As a three-year-old, I used to skip and run the distance of half a city block to our country school every morning and every afternoon at recess time.
I’m not sure the older kids appreciated my intrusion, but I had fun anyway!
Then a few years later, I meandered through the snow during sugaring time on my way to the sugar shanty, where my parents were making maple syrup.
As I walked, I dreamed of owning a candy factory when I grew up—a factory that would make all kinds of chocolate-covered Easter goodies.
Next, I remember with pleasure walking with friends around the green on a Virginia campus after meal times. Then, a few years later, taking in the beautiful scenery by “the old mill stream” on an Indiana campus.
And more recently, what fun it was to kick up my heels during 25 years of square dancing!
But that’s all in the past. Since my stroke seven years ago, I feel very fortunate to be able to walk again, but I rarely “kick up my heels” anymore.
That’s why I was interested in the book “Kick up Your Heels . . . Before You’re Too Short to Wear Them—How to Live a Long, Healthy, Juicy Life” by Loretta LaRoche.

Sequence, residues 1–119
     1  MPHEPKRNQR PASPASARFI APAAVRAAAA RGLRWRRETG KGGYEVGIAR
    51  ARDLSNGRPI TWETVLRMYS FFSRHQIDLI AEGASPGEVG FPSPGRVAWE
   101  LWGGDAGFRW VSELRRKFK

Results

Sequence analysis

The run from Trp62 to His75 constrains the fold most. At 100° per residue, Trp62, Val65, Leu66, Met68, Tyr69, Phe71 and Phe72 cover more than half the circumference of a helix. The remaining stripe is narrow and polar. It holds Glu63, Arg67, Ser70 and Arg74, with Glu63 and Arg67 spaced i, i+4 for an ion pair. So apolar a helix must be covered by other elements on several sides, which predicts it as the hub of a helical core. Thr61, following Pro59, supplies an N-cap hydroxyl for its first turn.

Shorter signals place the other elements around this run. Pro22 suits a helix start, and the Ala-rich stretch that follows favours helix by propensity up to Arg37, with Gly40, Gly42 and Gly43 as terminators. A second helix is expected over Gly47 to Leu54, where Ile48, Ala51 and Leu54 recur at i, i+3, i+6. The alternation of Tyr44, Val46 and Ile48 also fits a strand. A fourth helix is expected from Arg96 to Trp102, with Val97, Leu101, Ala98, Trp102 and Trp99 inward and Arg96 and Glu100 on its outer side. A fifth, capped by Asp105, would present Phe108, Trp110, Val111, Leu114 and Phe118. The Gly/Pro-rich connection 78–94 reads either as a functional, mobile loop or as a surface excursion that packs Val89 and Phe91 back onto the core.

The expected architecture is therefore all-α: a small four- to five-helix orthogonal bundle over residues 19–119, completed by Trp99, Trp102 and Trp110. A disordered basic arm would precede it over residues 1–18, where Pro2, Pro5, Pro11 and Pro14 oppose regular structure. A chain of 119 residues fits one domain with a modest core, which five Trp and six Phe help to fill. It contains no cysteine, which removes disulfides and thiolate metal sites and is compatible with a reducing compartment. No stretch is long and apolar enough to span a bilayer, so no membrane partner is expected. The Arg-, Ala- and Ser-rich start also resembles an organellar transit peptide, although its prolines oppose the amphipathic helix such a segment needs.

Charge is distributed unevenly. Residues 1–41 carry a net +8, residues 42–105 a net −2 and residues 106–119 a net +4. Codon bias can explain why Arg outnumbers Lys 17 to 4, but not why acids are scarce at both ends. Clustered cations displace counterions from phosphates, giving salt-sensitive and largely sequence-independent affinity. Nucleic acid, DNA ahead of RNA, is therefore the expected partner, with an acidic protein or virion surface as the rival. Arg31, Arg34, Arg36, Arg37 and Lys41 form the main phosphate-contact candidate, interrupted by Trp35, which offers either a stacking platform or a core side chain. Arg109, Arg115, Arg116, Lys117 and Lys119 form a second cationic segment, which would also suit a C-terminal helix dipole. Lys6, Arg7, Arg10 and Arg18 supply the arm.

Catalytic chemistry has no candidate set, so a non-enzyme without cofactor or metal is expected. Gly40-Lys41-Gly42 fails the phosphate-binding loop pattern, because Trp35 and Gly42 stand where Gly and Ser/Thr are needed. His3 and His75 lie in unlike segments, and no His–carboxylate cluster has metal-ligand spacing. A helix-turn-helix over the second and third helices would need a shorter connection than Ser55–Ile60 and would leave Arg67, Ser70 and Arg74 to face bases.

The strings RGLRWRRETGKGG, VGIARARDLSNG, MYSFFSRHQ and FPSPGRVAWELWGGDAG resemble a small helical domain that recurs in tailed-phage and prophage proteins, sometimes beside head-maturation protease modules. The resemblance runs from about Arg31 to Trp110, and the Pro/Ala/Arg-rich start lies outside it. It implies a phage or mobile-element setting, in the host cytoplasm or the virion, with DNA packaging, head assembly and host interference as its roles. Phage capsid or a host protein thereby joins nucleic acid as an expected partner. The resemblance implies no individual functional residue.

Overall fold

LaRoche is known for her entertaining and wise insights about life. In fact, someone has called her “the jolly-lama.” Among her books are “Life Is Short, Wear Your Party Pants” and “Making the Most Out of Life Before You Run Out of It.”
In “Kick Up Your Heels,” she addresses the question of how we can age well.
LaRoche had a personal reason for writing this particular book. She begins the book with, “When I reached my 60th birthday, I panicked at the thought that I had less time ahead of me than I had behind me.”
As a result, she decided to discover as much as she could about the aging process—both negative and positive—and made up her mind to have a healthy, juicy aging life.
If you don’t want a healthy, juicy life, LaRoche has a list of WAYS TO WITHER: Never change! Stay predictable. Don’t do anything physical. Complain a lot about everyone and everything without doing anything about it. Wait to enjoy yourself. Don’t sit down to eat.
After one of these lists, LaRoche writes, “I love to laugh, and I hope you’ll see the humour in many of my messages. You get juicier the more you chuckle!”
And she reminds us that researchers tell us laughter actually may lower your risk of heart disease.
She recommends a fun-packed life that includes dancing, solving puzzles, playing a musical instrument, or learning a foreign language. Most of us are too serious. “Lighten up!” is LaRoche’s advice.
“Kick Up Your Heels” is a fun and helpful book. It ends with 22 pages of “Kickin’ Resources,” including books and websites about aging and how to get more fun and adventure in your life.
So why not kick up your heels—actually or symbolically—and lighten up as LaRoche recommends. It will certainly be more fun than WITHERING!
Marie Snider is an award-winning health care writer and syndicated columnist. Write her at email@example.com or visit www.visit-snider.com
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